ended experiential activities that require students to deal with a challenging experience
can lead to engaged classroom discussions (Caza, Caza, & Lind, 2011). After the 3
weeks are over, students are invited to discuss their experiences in class. Everyone is
encouraged to speak. Sharing their experience with the rest of the class opens avenues
for students to extend meaning from their experience as well as others by making con-
nections and finding patterns.

Debriefing (60 Minutes in a Class That Meets for 90 Minutes). The debriefing uses a series
of five open-ended questions. The responses to these questions efficiently funnel into
meaningful conversations about change management. I introduce theoretical concepts
and connect them with the various student experiences during such discussions.

Question 1: How was your project experience? The responses to this question are
typically mixed in nature. Some students enjoy it very much, a few are ambivalent,
and a rare couple are not very positive about it. I mention that this distribution proba-
bly mirrors actual change recipient response during organizational change. There are
early adopters, some sitting-on-the-fence waiting for more information or more direct
incentives, and some who actively resist the change proposal. Most of the resistance in
class comes from either not being convinced how this project will help them (rewards
other than assignment grade) or for being exposed to a potentially vulnerable situation
(personal freedom and power being taken away). In the context of the exercise, change
resistance refers to relapsing or giving up (maintaining the status quo). See Appendix
D for sample responses.

Question 2: How would you have felt if your instructor had specified a particular
change (as opposed to them choosing it)? The responses lead us to discuss the role of
employee participation and involvement (Brown & Cregan, 2008) in creating buy-in
and support. Additionally, I explain how emotions experienced by change recipients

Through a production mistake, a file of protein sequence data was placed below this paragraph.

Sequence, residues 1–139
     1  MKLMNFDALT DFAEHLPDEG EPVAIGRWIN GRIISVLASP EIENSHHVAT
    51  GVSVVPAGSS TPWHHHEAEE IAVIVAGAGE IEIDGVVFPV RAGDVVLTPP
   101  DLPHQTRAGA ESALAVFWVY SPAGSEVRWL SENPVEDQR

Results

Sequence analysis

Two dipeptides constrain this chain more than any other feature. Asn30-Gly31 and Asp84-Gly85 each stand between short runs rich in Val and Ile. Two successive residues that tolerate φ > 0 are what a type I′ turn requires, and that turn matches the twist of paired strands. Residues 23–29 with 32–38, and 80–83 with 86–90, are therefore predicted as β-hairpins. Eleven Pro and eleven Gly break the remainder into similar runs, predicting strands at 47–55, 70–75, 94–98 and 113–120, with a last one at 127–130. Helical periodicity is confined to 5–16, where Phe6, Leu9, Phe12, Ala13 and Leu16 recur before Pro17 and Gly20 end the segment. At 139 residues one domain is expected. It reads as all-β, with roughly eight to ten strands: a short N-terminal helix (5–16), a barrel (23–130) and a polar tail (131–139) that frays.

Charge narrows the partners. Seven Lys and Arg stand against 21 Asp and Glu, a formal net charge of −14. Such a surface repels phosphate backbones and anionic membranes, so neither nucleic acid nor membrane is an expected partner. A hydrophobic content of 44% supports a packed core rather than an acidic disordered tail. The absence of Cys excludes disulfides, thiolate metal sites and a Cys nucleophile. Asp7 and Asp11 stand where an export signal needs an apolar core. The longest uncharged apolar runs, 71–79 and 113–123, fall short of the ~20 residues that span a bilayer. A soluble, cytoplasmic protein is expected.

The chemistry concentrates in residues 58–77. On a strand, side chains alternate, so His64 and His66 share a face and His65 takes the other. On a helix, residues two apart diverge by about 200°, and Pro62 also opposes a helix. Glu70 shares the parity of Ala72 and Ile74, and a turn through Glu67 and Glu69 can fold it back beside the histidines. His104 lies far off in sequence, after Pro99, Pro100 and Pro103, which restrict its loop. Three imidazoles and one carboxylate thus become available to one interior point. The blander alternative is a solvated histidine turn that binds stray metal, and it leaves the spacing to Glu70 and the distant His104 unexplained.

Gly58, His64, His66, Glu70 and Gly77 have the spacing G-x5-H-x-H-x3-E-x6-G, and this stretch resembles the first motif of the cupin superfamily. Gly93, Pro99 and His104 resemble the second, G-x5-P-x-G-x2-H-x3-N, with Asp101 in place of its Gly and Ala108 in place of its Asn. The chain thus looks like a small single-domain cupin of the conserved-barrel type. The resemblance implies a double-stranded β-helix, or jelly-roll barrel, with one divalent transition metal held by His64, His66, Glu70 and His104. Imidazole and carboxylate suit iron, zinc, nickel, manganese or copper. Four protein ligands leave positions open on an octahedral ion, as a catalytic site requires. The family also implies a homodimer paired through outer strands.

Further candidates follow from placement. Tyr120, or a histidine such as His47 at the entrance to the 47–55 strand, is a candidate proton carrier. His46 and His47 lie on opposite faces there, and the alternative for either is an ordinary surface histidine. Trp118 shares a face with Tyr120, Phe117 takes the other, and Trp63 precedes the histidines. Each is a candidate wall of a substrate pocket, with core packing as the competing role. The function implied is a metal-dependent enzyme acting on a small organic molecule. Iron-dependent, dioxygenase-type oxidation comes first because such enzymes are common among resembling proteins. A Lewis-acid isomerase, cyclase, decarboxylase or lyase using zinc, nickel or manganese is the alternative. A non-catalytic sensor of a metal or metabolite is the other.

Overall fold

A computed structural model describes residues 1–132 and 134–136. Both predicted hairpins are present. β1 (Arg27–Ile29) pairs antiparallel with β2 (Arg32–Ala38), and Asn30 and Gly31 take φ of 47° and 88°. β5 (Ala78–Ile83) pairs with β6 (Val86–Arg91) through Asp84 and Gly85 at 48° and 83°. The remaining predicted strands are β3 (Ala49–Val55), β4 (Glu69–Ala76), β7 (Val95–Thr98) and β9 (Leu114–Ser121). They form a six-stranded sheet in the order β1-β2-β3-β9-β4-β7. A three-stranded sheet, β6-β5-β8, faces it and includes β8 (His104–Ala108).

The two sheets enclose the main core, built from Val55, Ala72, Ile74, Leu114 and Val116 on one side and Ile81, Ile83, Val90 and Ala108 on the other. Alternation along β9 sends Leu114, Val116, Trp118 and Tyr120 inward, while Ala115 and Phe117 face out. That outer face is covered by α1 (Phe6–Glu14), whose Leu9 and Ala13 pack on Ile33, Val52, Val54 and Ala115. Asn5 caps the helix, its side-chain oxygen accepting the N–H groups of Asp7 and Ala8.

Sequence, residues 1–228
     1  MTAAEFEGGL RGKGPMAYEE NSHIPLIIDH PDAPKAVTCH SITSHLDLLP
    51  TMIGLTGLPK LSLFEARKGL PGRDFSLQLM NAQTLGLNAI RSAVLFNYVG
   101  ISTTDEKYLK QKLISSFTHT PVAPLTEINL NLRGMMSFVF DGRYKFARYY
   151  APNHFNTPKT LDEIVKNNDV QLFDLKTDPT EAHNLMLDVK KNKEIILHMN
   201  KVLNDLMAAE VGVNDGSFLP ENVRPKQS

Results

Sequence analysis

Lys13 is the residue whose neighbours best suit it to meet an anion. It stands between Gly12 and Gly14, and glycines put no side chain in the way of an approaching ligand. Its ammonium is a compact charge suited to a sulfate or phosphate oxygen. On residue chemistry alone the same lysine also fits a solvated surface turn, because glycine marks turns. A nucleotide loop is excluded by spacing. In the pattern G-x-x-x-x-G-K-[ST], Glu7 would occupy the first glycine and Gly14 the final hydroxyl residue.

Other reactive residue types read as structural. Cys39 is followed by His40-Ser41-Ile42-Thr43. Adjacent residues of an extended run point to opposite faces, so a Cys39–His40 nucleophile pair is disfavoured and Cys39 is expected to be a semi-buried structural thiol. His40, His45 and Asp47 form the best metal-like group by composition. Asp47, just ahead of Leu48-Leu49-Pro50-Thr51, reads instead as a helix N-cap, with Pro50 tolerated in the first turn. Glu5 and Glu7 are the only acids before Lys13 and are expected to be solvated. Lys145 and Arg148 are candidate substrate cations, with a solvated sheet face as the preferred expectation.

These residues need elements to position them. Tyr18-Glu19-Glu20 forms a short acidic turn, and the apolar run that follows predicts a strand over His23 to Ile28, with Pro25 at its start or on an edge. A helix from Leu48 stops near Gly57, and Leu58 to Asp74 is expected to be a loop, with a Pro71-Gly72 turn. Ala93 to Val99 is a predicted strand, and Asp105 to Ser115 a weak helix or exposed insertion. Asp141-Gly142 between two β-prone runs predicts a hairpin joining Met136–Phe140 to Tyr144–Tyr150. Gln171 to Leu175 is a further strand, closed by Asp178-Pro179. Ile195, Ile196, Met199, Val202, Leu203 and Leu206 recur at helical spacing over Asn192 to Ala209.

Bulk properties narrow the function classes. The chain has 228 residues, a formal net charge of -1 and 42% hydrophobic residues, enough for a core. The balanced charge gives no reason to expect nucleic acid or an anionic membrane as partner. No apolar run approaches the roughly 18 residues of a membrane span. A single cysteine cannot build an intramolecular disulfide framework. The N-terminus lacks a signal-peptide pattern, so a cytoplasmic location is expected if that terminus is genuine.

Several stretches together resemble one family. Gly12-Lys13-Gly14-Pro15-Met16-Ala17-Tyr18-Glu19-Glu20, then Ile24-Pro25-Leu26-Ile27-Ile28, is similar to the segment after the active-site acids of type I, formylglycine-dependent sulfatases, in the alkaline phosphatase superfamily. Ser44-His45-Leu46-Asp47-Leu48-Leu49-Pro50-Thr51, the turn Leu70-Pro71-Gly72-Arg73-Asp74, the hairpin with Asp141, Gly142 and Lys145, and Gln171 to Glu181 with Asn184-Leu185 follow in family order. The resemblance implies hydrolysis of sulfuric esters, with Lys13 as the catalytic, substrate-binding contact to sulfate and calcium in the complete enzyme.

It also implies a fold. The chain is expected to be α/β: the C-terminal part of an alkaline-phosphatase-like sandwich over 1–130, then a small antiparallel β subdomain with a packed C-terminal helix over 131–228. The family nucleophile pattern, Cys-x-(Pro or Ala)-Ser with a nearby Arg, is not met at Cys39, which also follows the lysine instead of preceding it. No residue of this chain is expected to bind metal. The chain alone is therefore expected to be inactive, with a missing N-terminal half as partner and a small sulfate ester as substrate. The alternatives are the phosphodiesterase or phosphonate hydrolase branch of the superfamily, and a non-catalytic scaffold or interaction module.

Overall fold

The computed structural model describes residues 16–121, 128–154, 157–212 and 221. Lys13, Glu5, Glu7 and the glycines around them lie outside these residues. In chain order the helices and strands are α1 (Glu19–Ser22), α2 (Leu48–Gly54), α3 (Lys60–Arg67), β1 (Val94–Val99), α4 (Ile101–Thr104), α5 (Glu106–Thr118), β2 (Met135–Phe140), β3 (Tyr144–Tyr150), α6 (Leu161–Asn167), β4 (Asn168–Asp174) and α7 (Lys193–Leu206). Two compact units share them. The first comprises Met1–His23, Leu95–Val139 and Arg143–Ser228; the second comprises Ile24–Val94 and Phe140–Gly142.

(Oreg, Bartunek, Lee, & Do, 2018) could influence their attitudes toward change.

Question 3: How successful were you in your change implementation? What chal-
lenges did you encounter? What helped you? Here again, the nature of responses is
mixed. Many fail (or cheat), while some successfully manage to maintain the change.
I refer to how individuals experience change differently, and how change success
depends on factors like individual readiness, motivation to sustain the change: intrin-
sic and extrinsic (what if this change was an organizational mandate and if your job
depended on it), support available from family/peers (whether supportive or not), self-
efficacy, and so on. See Appendix E for sample responses.

Question 4: What are the key takeaways? How would it help you manage personal
change in the future? This question leads to a variety of lessons that are unique to
individuals as well as a set of lessons that are common to most students. While this
exercise is seldom the first experience the students have with a personal change, it is

250 Management Teaching Review 5(3)

probably the first where they actively think, record, and share their experience. For
most participants (based on their feedback; see Appendix F), this assignment helps
them proactively consider factors that they have to manage when planning for a per-
sonal change in the future, such as the appropriateness of change, preparedness/readi-
ness, developing a support system, evaluating implications for other stakeholders.

Question 5: What lessons can you use when managing change in an organizational
context? This question tests student’s ability to transfer their learning to an organiza-
tional context. Even in corporate settings, change affects individuals in different ways.
Change is personal for each employee (Bridges, 2009; Schein, 2013). To overcome
resistance, managers need to recognize and acknowledge the profound personal